When they had passed through Amphipolis and Apollonia, they came to Thessalonica, where there was a Jewish synagogue. As his custom was, Paul went into the synagogue, and on three Sabbath days he reasoned with them from the Scriptures, explaining and proving that the Christ had to suffer and rise from the dead. “This Jesus I am proclaiming to you is the Christ,” he said. Some of the Jews were persuaded and joined Paul and Silas, as did a large number of God-fearing Greeks and not a few prominent women. But the Jews were jealous; so they rounded up some bad characters from the marketplace, formed a mob and started a riot in the city. … As soon as it was night, the brothers sent Paul and Silas away to Berea. On arriving there, they went to the Jewish synagogue. Now the Bereans were of more noble character than the Thessalonians, for they received the message with great eagerness and examined the Scriptures every day to see if what Paul said was true. Many of the Jews believed, as did also a number of prominent Greek women and many Greek men.
The Word Works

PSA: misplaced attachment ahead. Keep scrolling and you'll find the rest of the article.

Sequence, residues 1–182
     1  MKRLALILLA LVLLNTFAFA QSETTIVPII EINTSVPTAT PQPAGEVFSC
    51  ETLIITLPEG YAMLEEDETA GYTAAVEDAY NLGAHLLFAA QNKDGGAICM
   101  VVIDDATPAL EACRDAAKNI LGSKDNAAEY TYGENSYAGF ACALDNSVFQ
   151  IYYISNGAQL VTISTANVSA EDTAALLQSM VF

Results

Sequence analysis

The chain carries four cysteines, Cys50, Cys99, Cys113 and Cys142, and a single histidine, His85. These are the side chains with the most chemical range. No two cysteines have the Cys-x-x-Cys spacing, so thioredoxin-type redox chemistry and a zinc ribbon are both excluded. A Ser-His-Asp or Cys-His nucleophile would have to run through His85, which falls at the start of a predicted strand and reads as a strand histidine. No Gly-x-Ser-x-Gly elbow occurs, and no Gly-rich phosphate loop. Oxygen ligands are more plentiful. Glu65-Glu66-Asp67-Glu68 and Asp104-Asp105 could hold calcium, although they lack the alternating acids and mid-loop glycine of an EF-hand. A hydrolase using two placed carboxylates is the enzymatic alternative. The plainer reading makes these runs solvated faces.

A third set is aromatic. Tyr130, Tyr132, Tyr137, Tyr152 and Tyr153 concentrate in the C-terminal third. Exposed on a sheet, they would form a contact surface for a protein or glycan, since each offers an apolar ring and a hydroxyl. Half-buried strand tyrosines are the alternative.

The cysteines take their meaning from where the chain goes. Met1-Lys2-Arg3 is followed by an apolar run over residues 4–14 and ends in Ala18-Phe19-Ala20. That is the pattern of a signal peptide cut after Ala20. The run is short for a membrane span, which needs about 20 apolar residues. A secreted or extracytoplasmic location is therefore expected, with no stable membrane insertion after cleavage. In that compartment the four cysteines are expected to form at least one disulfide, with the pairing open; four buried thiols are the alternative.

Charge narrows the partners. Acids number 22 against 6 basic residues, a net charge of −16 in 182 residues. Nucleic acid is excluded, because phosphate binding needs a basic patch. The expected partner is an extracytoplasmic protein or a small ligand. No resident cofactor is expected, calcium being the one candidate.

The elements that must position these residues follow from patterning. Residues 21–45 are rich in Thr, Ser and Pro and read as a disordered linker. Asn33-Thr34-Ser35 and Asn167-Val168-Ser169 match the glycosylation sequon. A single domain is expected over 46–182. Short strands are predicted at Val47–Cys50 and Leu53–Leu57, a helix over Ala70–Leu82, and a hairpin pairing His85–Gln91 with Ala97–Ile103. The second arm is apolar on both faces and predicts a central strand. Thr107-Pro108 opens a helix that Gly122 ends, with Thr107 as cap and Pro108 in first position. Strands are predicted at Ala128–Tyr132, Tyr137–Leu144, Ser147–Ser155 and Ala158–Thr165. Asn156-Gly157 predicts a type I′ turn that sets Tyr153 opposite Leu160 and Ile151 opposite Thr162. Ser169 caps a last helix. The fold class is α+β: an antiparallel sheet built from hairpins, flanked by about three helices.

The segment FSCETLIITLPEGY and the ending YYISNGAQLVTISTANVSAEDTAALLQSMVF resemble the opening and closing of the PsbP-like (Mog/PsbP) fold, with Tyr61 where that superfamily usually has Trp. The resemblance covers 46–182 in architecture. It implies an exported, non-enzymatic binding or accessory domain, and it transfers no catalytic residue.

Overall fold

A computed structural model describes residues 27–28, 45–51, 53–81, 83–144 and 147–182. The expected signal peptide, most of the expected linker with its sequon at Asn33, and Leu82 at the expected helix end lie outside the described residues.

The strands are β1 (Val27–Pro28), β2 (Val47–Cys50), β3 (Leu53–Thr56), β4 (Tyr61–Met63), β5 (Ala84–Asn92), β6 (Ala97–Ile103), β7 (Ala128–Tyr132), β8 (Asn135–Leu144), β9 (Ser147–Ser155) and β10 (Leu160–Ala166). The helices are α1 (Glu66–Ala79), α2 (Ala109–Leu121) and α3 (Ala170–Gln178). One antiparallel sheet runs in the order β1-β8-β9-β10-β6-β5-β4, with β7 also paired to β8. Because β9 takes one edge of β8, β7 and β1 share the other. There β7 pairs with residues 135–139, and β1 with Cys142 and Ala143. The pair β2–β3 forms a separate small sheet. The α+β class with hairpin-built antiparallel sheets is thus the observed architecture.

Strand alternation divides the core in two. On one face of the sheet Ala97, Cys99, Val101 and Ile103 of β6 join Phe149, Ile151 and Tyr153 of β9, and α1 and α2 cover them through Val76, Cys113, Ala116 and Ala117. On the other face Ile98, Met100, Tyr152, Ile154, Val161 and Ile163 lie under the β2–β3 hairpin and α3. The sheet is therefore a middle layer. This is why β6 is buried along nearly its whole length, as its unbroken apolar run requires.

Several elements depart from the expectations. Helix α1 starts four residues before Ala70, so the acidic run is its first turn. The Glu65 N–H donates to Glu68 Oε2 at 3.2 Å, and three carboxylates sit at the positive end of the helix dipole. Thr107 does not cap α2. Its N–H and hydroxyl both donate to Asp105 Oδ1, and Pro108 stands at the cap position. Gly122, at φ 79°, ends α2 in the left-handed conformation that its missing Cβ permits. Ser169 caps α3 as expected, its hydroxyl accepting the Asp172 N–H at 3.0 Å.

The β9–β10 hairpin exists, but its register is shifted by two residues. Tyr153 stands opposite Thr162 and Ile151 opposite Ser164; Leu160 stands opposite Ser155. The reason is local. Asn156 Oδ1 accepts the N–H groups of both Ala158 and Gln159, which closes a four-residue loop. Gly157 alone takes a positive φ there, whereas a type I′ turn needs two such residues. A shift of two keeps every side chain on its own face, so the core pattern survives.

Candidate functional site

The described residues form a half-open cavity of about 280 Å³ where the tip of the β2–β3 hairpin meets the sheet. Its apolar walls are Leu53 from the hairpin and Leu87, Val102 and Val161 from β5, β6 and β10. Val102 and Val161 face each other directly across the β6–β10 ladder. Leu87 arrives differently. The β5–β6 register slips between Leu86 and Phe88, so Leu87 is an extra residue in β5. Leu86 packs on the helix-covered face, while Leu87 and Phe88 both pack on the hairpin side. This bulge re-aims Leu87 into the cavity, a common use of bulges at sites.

Although the apostle Paul had been stoned and left for dead at Lystra for calling Jesus the “Christ” or “Messiah,” he continued preaching Jesus in Thessalonica. In this commercial center at the crossroads of the empire, once again Paul was talking Bible, Christ, Good Friday, and Easter in the synagogue.
In the holy writings of the Scriptures there are two absolute certainties. The first: Jesus had to die. He sacrificed his body and shed his blood to pay for the guilt of our sin. Jesus had to die because by his death he destroyed death and the one who uses death’s power to terrify, the devil. Jesus is our Victor and our King.
The second: Jesus had to rise. On the third day, “just as he said,” Jesus had guaranteed that he would rise. His single sacrifice for sin would never need repeating. Jesus rose to confirm, “Paid in full.” Now the glorious King comforts his people with his victory over sin, Satan, hell, and the grave. Jesus lives to say, “One sacrifice offered once for all.”
So wherever and whenever the gospel is preached according to the Scriptures, there will be a response to Jesus. In Thessalonica, there was an immediate and favorable response by both Jews and Greeks, by both men and women. But there was also opposition to the gospel. Rabble rousers caused confusion. Even so, gospel preaching continued in Thessalonica, though Paul was forced to flee. It continued, but under a cloud of intense persecution. The word keeps on working despite opposition.
In Berea people listened too, not just to the apostles, but first and foremost they listened to the Scriptures. They opened their Bibles to test what Paul said, and only when they found that his words matched those of the Bible did they listen. And when they listened, many believed. The word keeps on working by grace alone.
God, help us listen to your words which have your power for our salvation. Amen.
Source: WELS Devotions